the best strategy.

Attack Anatomy 2: A Well-Done Phish


In Chapter 3, we analyzed a rude and crude phishing attack on one of our Yahoo
email accounts in a section titled Anatomy of a Blatant Phishing Attack. We deliberately showed a poorly done attack, to show that its a wonder that some phishing
attacks can succeed at all. Indeed, that particular example was rife with formatting errors
and misspellingsobvious signs that the message couldnt possibly be legitimate.
In this section, we examine a more polished phishing attack message that uses the
Federal Deposit Insurance Corporations own logo and banner artwork (see Figure
4-1). Its nicely laid out and formatted, and it contains no misspellingsbut it does
contain two surprises. Only a few subtle grammatical errors provide telltale clues that
all is not as it seems here. In the next sections, we inspect this ticking time bomb
closely to explain its dangers.

The First Surprise: Steganography


The entire body of the message shown in Figure 4-1 is a single graphic. It is located on
the blog page for a hosting providers server based in Ireland (webcore.ie). Interestingly, this
graphic appears nowhere in a blog on that server, and an Internet search on the graphics
file name (fdic_finish1.gif) turns up nothing useful. With no obvious connection to the
message, something mysterious and probably illegitimate is going on here.
Further searching online turns up two examples of this message at the spam reporting
site spamigot.com. Disturbingly, we used the jsunpack JavaScript Unpacker utility to
analyze the image and found that the original image contains 22,349 hidden bytes

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36 Chapter 4

Figure 4-1
The message itself is only an image, but it contains two surprises.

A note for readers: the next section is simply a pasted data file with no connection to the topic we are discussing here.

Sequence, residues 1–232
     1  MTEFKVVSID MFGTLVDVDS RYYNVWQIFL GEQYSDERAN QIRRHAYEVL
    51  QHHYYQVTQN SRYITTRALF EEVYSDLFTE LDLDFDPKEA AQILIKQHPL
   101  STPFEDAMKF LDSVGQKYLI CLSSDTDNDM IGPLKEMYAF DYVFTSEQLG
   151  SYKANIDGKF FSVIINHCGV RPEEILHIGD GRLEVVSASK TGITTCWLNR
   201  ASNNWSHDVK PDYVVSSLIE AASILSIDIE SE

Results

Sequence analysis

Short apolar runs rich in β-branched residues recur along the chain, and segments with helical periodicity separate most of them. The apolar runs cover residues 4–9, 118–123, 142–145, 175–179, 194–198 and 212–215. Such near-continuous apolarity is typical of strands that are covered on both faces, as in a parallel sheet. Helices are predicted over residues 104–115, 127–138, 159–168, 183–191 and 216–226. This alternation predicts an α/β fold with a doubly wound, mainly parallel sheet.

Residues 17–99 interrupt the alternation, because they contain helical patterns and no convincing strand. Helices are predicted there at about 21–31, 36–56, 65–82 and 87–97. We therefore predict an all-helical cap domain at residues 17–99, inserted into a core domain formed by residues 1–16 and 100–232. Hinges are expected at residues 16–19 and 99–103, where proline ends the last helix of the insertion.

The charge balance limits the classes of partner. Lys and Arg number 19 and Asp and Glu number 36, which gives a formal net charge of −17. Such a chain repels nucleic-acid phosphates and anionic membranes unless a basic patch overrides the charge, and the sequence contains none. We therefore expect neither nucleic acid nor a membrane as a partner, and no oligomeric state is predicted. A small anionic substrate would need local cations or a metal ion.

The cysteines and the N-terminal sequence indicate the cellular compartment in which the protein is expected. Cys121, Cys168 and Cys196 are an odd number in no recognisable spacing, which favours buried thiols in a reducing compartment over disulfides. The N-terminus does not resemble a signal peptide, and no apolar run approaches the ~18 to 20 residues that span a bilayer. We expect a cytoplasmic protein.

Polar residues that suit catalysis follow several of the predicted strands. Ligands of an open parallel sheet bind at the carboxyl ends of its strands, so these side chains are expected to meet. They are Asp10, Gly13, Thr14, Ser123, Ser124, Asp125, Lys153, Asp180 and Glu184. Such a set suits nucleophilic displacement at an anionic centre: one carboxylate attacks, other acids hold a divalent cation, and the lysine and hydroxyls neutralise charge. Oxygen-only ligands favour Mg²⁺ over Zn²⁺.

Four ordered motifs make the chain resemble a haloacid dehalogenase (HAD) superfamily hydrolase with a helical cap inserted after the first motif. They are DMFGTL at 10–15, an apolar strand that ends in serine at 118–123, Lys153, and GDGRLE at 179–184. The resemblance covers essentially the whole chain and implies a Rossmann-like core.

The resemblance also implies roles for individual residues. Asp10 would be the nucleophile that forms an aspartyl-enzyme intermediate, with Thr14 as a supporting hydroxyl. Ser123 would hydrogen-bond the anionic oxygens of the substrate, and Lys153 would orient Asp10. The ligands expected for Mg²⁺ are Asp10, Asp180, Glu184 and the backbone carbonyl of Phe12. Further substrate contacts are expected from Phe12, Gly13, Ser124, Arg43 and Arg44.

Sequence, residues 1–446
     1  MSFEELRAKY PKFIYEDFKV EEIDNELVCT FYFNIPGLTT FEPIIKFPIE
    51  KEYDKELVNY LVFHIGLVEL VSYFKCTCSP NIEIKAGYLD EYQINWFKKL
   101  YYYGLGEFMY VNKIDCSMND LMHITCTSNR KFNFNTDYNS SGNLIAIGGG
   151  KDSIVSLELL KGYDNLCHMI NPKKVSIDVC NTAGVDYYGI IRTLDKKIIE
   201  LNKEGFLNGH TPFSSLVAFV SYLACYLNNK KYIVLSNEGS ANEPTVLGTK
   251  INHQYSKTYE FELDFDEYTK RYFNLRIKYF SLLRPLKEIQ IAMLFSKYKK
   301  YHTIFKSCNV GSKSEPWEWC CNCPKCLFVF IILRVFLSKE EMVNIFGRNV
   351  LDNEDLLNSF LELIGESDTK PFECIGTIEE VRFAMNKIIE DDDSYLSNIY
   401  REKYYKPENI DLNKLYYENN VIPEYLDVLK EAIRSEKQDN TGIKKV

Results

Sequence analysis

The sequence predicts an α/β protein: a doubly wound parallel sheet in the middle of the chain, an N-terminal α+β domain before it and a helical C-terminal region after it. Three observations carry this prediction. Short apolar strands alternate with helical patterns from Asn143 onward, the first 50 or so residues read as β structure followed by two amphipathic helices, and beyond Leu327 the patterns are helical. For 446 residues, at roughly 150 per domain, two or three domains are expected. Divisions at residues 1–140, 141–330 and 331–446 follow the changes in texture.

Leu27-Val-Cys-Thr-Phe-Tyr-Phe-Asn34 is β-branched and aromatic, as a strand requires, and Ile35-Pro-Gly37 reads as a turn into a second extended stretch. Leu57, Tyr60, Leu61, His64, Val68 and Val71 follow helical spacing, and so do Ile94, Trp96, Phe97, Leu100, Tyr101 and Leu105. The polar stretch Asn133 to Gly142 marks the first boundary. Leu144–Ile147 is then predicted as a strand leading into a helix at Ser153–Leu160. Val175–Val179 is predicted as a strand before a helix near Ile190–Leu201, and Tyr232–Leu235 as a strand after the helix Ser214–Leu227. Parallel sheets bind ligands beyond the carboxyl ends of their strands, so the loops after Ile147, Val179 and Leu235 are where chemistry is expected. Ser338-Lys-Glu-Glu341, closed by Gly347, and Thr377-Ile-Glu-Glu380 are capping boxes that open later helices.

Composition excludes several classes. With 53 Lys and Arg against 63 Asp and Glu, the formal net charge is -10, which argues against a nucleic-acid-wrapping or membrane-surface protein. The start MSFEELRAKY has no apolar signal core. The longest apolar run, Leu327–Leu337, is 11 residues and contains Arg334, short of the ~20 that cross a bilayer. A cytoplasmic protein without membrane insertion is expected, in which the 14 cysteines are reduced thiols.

of data out of a total of 36,981 bytes of content. In other words, only about one-third
of the bits in this image are needed to paint the image on the screen, and the other
two-thirds are unrelated and might possibly have sinister intent.
Theres a word to describe what could be at work here: steganography. Fortunately,
jsunpack reports that there are no malicious or suspicious elements in this particular
image file, but there very well could be! Our guess is that a less-than-expert cybercrook tried to craft a malicious payload inside the image but failed to create a working
implementation. Nevertheless, the image certainly looks good, even if it doesnt work
the way its creator may have wanted it to.
So, the first surprise in this phishing message is that the nicely crafted image that makes
up the message body is carrying hidden freight. Fortunately, technical analysis of that
freight shows that it contains nothing of a suspicious or malicious nature.

Steganography
Steganography has Greek roots that mean covered writing. The Greeks
sent secret messages between parties by covering up those messages so they couldnt be seen without removing an obscuring layer
from the message. Today, steganography refers to the deliberate
concealment of digital information within other seemingly harmless
messages or digital objects, such as graphical images.
Steganography replaces useless or unused bits inside ordinary
computer files with bits that make up some kind of message, information, or even executable code. The files in question may be graphics

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37

images, sound or video files, or HTML and other plain-text files.


Even an encrypted file may use steganography, so that its secrets
still lurk inside the content, even when encrypted content is successfully decrypted. A person needs special software to embed hidden
information in a file, but the software is readily available. Many
download sites offer usable and free steganography packages.
Unpacking steganographic content also requires software. Such
software parses the altered file to pick out all the secret bits hidden
inside its normal contents. Once unpacked, that content may be used
in a variety of ways: to provide information, pass secrets, or even to
run a program, possibly malware, that might have been disguised
inside the carrier file.

The Second Surprise: A Malicious Attachment


The second surprise in the message is the attachment, as shown in Microsoft Outlook
(see Figure 4-2). You can see that the ZIP file is only 317 bytes. Inspection of the ZIP file
shows only a single empty directory named FDIC_Document, with no further content.
Somewhere along the way, as the message made its way from its origination in Russia to
the spam-filtering service in Seattle, Washington, someone or something stripped out its
possible malicious content.

Figure 4-2
Outlook shows that this message comes with an attached ZIP file.

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The spam-filtering service used in this exampleSpam Arrestmight have removed a